WASHINGTON — A week out from the midterm elections, the Pentagon said Monday it is sending 5,200 troops, some armed, to the Southwest border in an extraordinary military operation to help stop illegal crossings by a caravan of migrants moving slowly north in Mexico.
President Donald Trump himself, eager to focus voters on immigration in the lead-up to the elections, escalated his threats against the caravan, tweeting: "This is an invasion of our Country and our Military is waiting for you!"
His warning came as the Pentagon began executing "Operation Faithful Patriot," described by the commander of U.S. Northern Command as an effort to help Customs and Border Protection stiffen defenses at and near legal entry points. Advanced helicopters will enable border protection agents to swoop down on migrants, he said.
"We're going to secure the border," Air Force Gen. Terrence O'Shaughnessy, the Northern Command leader, said at a news conference. He spoke alongside Kevin McAleenan, commissioner of Customs and Border Protection.
Aerial view showing migrants reaching Mexico after crossing the Suchiate River from Tecun Uman in Guatemala to Ciudad Hidalgo in Mexico on October 29, 2018, a day after a security fence on the international bridge was reinforced to prevent them from
Eight hundred troops already are on their way to southern Texas, O'Shaughnessy said, and their numbers will top 5,200 by week's end. He said troops would focus first on Texas, followed by Arizona and then California.
The caravan of 3,500 has shrunk from a peak of about 7,200 migrants a week ago, but a second caravan of about 600 had formed and was clashing with federal police on a bridge from Guatemala to Mexico.
The military operation drew quick criticism.
"Sending active military forces to our southern border is not only a huge waste of taxpayer money, but an unnecessary course of action that will further terrorize and militarize our border communities," said Shaw Drake of the American Civil Liberties Union's border rights center at El Paso, Texas.
Military personnel are legally prohibited from engaging in immigration enforcement. The troops will include military police, combat engineers and others helping on the southern border.
Customs and Border Protection is pushing a surge in personnel in response to the caravan of Central American immigrants, which was still hundreds of miles from the U.S. border. The military troops are intended to assist the border patrol, not engage directly with migrants.
The White House is also weighing additional border security measures, including blocking those traveling in the caravan from seeking legal asylum and keeping them from entering the U.S.
The escalating rhetoric and expected deployments come as the president has been trying to turn the caravan into a key election issue with just days to go before the midterm elections that will determine whether Republicans maintain control of Congress.
"This will be the election of the caravans, the Kavanaughs, law and order, tax cuts, and you know what else? It's going to be the election of common sense," President Trump said at a rally in Illinois on Saturday night.
He continued his threats on Monday, tweeting, without providing evidence, that, "Many Gang Members and some very bad people are mixed into the Caravan heading to our Southern Border."
"Please go back," he urged them, "you will not be admitted into the United States unless you go through the legal process. This is an invasion of our Country and our Military is waiting for you!"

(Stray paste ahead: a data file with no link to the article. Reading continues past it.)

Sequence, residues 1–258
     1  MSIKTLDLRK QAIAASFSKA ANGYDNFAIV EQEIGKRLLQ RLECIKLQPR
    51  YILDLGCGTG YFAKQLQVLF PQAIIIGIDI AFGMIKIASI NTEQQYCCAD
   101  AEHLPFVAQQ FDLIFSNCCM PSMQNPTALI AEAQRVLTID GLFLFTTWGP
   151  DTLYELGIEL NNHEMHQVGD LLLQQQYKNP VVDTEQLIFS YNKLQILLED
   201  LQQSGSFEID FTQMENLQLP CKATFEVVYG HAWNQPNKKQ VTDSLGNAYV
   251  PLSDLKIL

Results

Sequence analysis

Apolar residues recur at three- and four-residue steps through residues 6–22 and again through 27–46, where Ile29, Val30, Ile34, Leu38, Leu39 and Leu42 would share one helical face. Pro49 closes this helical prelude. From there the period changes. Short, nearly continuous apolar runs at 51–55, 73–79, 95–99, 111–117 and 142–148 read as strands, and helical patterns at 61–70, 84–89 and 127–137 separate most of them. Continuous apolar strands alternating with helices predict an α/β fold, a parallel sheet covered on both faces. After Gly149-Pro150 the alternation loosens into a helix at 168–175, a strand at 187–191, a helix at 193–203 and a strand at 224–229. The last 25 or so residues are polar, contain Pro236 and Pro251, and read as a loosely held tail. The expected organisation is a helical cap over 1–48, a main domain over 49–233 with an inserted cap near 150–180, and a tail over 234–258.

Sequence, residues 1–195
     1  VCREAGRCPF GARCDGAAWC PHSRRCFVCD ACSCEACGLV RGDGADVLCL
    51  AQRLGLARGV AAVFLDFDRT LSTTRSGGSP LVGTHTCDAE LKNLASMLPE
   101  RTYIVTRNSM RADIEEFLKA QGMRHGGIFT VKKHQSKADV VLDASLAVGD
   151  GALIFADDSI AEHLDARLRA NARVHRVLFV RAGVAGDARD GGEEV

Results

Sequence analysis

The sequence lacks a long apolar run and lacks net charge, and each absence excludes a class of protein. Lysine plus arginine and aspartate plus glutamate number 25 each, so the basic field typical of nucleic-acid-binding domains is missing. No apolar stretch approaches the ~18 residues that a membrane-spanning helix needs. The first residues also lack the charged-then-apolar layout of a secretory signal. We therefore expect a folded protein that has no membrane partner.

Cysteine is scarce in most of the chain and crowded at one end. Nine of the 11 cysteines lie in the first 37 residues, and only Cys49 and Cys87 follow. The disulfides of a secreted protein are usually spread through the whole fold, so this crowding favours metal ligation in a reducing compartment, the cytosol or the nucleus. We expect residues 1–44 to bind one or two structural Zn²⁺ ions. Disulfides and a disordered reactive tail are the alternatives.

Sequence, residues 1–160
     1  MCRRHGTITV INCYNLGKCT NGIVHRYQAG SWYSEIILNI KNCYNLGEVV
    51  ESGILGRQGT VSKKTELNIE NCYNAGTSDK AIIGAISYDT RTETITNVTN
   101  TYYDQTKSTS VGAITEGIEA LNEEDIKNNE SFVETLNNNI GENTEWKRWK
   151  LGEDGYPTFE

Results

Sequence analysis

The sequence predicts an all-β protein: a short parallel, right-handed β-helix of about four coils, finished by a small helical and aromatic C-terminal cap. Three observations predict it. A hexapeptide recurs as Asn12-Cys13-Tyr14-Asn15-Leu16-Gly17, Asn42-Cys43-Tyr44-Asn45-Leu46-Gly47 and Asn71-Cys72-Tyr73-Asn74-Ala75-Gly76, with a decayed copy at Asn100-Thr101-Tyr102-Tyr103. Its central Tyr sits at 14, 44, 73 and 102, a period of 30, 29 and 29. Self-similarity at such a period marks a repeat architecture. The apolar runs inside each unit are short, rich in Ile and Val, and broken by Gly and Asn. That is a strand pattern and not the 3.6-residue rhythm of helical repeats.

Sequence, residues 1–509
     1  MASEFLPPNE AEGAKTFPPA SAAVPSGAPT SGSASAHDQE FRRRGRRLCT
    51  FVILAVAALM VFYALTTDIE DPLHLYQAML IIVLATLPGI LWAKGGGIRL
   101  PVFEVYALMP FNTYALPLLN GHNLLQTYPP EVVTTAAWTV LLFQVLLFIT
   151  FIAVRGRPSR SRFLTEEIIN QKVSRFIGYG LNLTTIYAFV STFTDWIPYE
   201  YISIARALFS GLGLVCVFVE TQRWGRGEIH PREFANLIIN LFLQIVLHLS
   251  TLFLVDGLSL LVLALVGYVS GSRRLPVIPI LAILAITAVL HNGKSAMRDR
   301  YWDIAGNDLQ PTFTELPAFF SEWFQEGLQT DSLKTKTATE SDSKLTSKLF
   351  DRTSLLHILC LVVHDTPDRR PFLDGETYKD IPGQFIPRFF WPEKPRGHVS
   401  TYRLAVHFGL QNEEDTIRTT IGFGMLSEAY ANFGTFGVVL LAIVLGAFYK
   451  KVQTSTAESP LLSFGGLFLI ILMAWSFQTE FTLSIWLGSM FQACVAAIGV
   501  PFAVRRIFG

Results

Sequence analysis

The president's dark description of the caravan belied the fact that any migrants who complete the long trek to the southern U.S. border face already major hurdles, both physical and bureaucratic, to being allowed into the United States. Migrants are entitled under both U.S. and international law to apply for asylum, but it may take while to make a claim. There is already a bottleneck of asylum seekers at some U.S. border crossings, in some cases as long as five weeks.
A possible announcement by President Trump on the other border measures had been tentatively slated for Tuesday, administration officials had said, but he is instead traveling to Pittsburgh, where a gunman massacred 11 people at a synagogue Saturday in what is believed to be the deadliest attack on Jews in U.S. history. Spokeswoman Sarah Huckabee Sanders said Monday pushed off questions about the caravan and possible border measures.
"We have a number of options on the table," she said, adding she'd let the public know of any upcoming immigration speeches but she was unaware of any right now.
The troops are expected to perform a wide variety of functions such as transporting supplies for the Border Patrol, but not engage directly with migrants seeking to cross the border from Mexico, officials said. One U.S. official said the troops will be sent initially to staging bases in California, Texas and Arizona while the CBP works out precisely where it wants the troops positioned. U.S. Transportation Command posted a video on its Facebook page Monday of a C-17 transport plane that it said was delivering Army equipment to the Southwest Border in support of Operation Faithful Patriot.
The U.S. military has already begun delivering jersey barriers to the southern border in conjunction with the deployment plans.
Mattis told reporters traveling with him Sunday that the deployment was still being worked out, but that the additional troops would provide logistical and other support to the Border Patrol and bolster the efforts of the approximately 2,000 National Guard forces already there. That includes functions such as air support and equipment, including vehicles and tents.
President Trump has spent the last week trying to call attention to the caravan traveling by foot through Mexico. It remains hundreds of miles from U.S. soil.